The huddled residents of Pine this week got a terrifying reminder of the danger that stalks all of the Rim Country.
So did the residents of Payson, although they probably didn’t notice.
In Pine, a man with a campfire touched off a blaze that spread quickly up Pine Canyon through thickets of dead snags, thick underbrush and logs downed by bark beetles.
Hot Shot crews working in the tangles of brush on dangerously thick slopes with the help of air tankers and helicopters kept the fire away from luxury home subdivisions.
But in truth, it was dumb luck. If the fire had started on the opposite side of the canyon, it might have burned into the subdivision as it moved up the canyon to the Rim.
Besides, it’s only April — after a wet winter.
That same fire in June might have gone on a rampage. The fire grew to only 60 acres and laid down overnight, as temperatures dropped. Unfortunately, high winds this afternoon could kick it up again — but so far it looks like it will burn away from the homes.
Meanwhile, Payson got its own little reminder yesterday that we’re heading into fire season — after a bone-dry spring. In a vacant, brush-choked lot across from the high school, someone went to some trouble to set the end of a log on fire.
The log lay on the ground in a tangle of brush on a big, sloped lot so choked with trees and brush that you could hardly see the bare ground. That brush ran right up against a group of apartments.
Mercifully, a passing citizen saw the smoke, grabbed the shovel in the back of his truck and kept the fire from spreading from the log to the adjacent brush. Someone also called the fire department as soon as they saw the smoke and crews arrived within three minutes.
More luck. That log fire could have gotten into the brush with another few minutes of untended burning. And the embers from the brush fire could have alighted on roofs hundreds of yards distant.
All of which explains why we’ve devoted so much time and space to the need to protect Rim communities from fire.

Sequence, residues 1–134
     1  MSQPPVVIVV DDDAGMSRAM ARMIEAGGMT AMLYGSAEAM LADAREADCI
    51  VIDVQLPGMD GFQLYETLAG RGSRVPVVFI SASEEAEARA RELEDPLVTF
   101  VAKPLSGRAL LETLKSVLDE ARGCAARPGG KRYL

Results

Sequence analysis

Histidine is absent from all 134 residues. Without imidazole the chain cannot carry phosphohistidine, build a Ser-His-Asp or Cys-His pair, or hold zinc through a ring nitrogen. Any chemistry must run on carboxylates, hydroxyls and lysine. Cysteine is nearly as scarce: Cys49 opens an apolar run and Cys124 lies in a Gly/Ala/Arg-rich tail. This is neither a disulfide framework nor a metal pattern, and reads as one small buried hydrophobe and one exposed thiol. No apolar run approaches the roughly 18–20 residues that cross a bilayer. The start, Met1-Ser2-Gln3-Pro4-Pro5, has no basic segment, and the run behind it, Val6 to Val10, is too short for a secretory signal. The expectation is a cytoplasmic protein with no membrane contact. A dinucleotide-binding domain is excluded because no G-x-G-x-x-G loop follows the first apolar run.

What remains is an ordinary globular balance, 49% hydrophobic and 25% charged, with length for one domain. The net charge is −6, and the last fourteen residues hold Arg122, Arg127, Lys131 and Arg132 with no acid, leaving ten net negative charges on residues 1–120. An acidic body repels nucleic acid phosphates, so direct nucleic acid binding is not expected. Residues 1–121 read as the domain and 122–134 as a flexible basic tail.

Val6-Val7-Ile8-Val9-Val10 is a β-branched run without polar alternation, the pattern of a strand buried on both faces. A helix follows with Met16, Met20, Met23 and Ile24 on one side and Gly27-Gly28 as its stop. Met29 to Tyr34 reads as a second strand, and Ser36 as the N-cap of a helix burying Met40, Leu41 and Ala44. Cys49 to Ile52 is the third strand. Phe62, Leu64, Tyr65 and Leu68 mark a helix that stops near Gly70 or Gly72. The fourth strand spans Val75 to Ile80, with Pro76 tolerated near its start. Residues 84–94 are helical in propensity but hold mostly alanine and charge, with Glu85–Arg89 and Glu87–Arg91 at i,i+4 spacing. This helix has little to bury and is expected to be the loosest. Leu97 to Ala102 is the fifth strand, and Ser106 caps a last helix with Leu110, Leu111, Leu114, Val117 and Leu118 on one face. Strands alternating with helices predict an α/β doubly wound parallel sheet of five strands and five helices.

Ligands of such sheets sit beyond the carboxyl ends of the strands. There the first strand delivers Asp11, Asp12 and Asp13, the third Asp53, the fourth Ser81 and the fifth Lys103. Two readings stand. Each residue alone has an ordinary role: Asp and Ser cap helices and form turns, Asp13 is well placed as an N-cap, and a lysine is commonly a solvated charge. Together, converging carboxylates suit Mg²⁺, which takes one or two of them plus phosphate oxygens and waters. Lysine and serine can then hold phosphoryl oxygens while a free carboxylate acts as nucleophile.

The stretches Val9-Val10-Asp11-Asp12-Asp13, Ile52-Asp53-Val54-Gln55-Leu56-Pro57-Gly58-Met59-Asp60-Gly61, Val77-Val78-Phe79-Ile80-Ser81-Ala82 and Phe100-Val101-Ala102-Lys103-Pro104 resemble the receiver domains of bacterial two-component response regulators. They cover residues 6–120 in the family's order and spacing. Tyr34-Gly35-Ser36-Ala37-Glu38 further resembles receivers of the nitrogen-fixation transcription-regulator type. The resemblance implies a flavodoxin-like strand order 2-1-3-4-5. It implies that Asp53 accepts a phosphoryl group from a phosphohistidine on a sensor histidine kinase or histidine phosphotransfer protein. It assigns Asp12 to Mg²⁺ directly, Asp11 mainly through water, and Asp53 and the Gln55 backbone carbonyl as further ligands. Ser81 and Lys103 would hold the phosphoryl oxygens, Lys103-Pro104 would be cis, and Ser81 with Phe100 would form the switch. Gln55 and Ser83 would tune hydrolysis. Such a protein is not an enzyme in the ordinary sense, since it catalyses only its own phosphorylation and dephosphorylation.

As the Dripping Springs Fire showed, even though the Forest Service has spent years thinning a buffer zone around Pine and Strawberry — the community remains vulnerable. The fuel breaks just give fire crews a fighting chance.
Unfortunately, living in a forest rendered fire prone by a century of bad management decisions requires constant vigilance.
That starts with obsessive care when it comes to campfires, smoking and any use of fire in the woods.
When it comes to campfires, that means keeping them small and contained — and both a shovel and water at hand. Break up, spread and douse any ashes and don’t leave the site until you can touch the embers. Don’t bury ashes and leave, since coals can smolder on for hours.
Meanwhile, the heedless idiots who drive along the highway and flick cigarettes out the window are criminally reckless with the lives of others. We hope you’ll make note of the license plate and report it.
Next, property owners in all the Rim communities must keep their properties cleared of brush and keep the trees thinned to a safe level.
Finally, we have to watch out for one another and follow the example of the citizen with the shovel and the people who called in the first tendrils of smoke in Payson.
So far on this round, our luck is holding. The Dripping Springs Fire is moving away from homes, although the rising winds could cause problems this afternoon. And quick-thinking citizens prevented the arson-caused fire in Payson from doing any damage.
But we can’t entrust the fate of our communities to luck and wind direction.
We’ll only avert eventual disaster as a result of wise forest management, the political will to continuing creating buffer zones, the reinvention of the timber industry — and the extreme care and vigilance of every one of us.